Tuesday, July 12, 2011

Hello, artists and illustrators, I have a bone to pick with you.

Suppose you're an artist. You've been commissioned by a greeting card company, or a fabric company, or a children's book company, to draw some illustrations that depict people (or animals or robots or whatever) in the act of knitting.

You're an artist, right? You know all about drawing from models, or even from good photographs.

So why, oh WHY, do you and your kind keep illustrating knitters in the same stereotypical way -- the very, very wrong way? Why are you going with the image of what everyone "knows" knitting looks like instead of -- hey, here's a wild and crazy idea -- actually looking at knitters?

Let me show you. Here's how you non-knitterly artists depict knitters (source of images: Microsoft Clipart site).

Like this:
 And this:
 And this:
 And this:
 And this:
 And this:
Do y'all see what I'm seeing here? I'm not just talking gray-haired old ladies in rocking chairs here. Here are young people and even sheep all doing the same damn thing. Do you see it?

Do you?

Here I'll point it out to you:
Yes, THAT. I see that all over the place, in cartoons, in children's books, in fabric used to make knitting bags, for freak's sake! Straight knitting needles held like pencils, with the knobs waggling in the air, making a V-shape, and the points poking down into the knitting doing -- what?

Now, there are lots of different ways people hold knitting needles, but believe me, artists and illustrators, when I say that the V-formation IS NOT ONE OF THEM! This does not work. You cannot knit this way.

How about this?

Not quite. The needles are better, but what's going on in the middle of the piece? She could have just bound off a neckline and has the live shoulder stitches on the two needles, but I suspect that the artist has no idea that the live stitches are supposed to be on the needles -- that somehow the points just poke at the fabric and something happens.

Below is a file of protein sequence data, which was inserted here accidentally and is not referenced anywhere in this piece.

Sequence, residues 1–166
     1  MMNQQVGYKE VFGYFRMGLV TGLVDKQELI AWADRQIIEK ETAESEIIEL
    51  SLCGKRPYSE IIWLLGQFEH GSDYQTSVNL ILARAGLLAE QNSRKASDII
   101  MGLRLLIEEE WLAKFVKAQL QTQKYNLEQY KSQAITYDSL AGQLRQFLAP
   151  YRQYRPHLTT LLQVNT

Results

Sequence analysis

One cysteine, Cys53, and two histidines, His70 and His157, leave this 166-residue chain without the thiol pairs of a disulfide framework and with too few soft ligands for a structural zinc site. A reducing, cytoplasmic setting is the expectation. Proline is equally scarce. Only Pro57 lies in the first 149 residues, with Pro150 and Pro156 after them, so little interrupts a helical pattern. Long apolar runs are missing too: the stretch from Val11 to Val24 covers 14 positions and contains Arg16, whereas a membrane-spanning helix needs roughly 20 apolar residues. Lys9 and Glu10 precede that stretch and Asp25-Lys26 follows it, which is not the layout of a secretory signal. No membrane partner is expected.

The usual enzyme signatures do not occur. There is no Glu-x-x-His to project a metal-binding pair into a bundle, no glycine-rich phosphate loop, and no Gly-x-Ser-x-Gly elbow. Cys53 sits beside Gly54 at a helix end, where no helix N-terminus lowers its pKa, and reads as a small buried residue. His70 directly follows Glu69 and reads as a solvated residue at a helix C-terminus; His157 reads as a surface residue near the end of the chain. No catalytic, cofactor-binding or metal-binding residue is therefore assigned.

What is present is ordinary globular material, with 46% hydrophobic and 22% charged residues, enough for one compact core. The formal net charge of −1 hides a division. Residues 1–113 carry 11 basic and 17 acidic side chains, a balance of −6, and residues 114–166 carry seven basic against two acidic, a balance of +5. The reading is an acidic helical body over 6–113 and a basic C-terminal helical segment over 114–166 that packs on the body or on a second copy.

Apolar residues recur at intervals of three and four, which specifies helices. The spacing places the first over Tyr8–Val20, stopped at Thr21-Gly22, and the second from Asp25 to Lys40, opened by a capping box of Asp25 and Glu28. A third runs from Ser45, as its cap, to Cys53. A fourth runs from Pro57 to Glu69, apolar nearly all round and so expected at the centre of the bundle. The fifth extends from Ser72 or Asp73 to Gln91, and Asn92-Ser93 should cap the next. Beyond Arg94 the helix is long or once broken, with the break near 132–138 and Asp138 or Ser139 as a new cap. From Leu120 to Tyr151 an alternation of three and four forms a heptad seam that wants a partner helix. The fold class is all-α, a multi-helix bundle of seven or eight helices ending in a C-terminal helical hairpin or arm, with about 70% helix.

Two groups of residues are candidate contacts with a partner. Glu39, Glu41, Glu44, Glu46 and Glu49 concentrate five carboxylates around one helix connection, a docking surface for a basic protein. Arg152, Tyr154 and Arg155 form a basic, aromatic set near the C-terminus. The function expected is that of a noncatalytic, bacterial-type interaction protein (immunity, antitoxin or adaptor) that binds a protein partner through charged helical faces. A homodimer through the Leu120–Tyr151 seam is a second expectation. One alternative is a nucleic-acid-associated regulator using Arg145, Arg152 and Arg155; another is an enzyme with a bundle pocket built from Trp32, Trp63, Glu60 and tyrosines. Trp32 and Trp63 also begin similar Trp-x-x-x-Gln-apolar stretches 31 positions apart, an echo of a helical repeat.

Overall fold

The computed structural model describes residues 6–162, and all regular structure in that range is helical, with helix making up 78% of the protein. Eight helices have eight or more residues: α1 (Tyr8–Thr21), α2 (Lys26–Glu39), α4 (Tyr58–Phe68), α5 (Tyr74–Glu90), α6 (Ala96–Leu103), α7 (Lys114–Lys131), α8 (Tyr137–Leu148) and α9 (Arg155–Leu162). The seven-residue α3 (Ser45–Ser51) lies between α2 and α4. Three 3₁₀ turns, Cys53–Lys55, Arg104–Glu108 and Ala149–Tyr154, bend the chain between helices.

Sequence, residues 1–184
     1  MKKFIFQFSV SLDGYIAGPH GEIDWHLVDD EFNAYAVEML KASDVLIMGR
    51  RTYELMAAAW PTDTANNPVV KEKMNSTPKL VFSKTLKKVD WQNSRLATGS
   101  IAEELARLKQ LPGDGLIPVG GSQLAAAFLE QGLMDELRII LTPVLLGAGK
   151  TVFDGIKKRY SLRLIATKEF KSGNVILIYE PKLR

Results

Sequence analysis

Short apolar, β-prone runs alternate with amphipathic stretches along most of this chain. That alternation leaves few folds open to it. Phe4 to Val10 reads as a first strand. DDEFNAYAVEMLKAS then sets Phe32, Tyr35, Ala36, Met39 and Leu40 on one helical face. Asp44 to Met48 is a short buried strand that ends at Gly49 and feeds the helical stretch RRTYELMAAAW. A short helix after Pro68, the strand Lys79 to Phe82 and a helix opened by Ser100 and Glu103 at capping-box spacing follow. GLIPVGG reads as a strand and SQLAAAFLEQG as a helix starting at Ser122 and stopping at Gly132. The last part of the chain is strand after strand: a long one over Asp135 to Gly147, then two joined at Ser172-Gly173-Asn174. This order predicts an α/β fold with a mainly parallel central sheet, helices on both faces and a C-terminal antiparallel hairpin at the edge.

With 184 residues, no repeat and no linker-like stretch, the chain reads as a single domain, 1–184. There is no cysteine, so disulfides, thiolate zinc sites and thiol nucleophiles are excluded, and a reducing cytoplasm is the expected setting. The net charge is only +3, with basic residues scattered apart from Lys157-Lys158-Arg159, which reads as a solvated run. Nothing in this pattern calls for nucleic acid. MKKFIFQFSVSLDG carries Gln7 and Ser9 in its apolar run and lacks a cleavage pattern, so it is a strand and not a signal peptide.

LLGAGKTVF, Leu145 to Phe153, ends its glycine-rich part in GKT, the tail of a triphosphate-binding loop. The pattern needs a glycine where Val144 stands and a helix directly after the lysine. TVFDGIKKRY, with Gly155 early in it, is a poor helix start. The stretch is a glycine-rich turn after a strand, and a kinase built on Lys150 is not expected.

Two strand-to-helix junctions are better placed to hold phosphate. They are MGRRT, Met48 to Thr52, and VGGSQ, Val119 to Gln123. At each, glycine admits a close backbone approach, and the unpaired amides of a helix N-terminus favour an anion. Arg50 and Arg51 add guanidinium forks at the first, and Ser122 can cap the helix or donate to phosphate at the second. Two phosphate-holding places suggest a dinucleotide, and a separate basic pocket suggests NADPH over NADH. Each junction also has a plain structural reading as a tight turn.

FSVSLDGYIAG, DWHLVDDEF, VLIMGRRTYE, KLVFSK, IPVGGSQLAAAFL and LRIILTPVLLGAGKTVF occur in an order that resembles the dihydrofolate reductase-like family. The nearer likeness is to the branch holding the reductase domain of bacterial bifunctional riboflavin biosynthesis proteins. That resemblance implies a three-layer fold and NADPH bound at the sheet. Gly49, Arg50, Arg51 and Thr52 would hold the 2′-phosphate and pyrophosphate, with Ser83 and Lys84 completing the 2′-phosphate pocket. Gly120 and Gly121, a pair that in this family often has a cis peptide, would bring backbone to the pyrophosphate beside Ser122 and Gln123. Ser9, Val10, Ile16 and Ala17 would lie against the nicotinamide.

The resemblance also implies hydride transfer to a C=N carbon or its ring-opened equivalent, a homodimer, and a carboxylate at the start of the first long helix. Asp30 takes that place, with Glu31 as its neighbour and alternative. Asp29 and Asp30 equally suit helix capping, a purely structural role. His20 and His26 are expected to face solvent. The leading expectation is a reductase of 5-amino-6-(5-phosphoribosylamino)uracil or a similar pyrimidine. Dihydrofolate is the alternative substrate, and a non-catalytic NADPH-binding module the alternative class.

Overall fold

Why, artists and illustrators, WHY do you keep on drawing knitters this way?

For once, go down to the local independent yarn shop, or find a knitting group, and watch people actually knitting. They do this (yes, sometimes with kids and cats included):

 Or you can even show it like this:
Notice that the needle ends are down. The hands are on top of the needles, palm down. The live stitches are on the needles, and as they are worked, they are passed from one needle to the other.

Now, there are different ways of holding the needles. Sometimes English-style knitters hold the right-hand needle like a pencil, so it looks like this (source: Wikimedia commons):

But there's no knitting style where both needles are held like pencils. Most knitters look like this fellow, palms down, even though the yarn tensioned around one's neck isn't common (source: Wikimedia commons):

Okay, got it? Young people, old people, men, women, indoors, outdoors, it's all good, just don't give us the V-formation with needles flapping around uselessly. Art is all about observing, so observe, okay? Have a look at actual knitters. The whole knitting community will thank you.

Now... don't even get me started on stereotyped "scientists" in the clip art galleries!


Silvia M. said...

(and I do knit with the yarn around my neck or being held by a pin on my shoulder - Portuguese style)

Jessica said...

I'm an artist, and this sort of thing has driven me crazy. Look at people playing a flute, and then look at drawings of people playing a flute. The problem is that illustrators will have models, and say "here, pretend you're knitting," or whatever. If the model doesn't know, the drawing is done incorrectly. That doesn't mean that they shouldn't be doing the research to direct their model properly, but that's how it goes.

There's also this thing called artistic license. Maybe they want to show the needles? I'm not sure.

lunaticraft said...

Research? Noooooo. Never. This sort of thing drives me insane. I'm not even going to get started on the depiction of instrumentalists, my goodness. But I am very glad to see someone else notice too. =)

Anonymous said...

I wholeheartedly agree. That's my biggest pet peeve about knitting in the popular imagination. When I was having the banner for my blog made, the first thing I insisted to the artist was that the knitting had to be done correctly and there would be no Vs anywhere nearby. They aren't completely CORRECT, as it is a cartoon, but they are at least very close.


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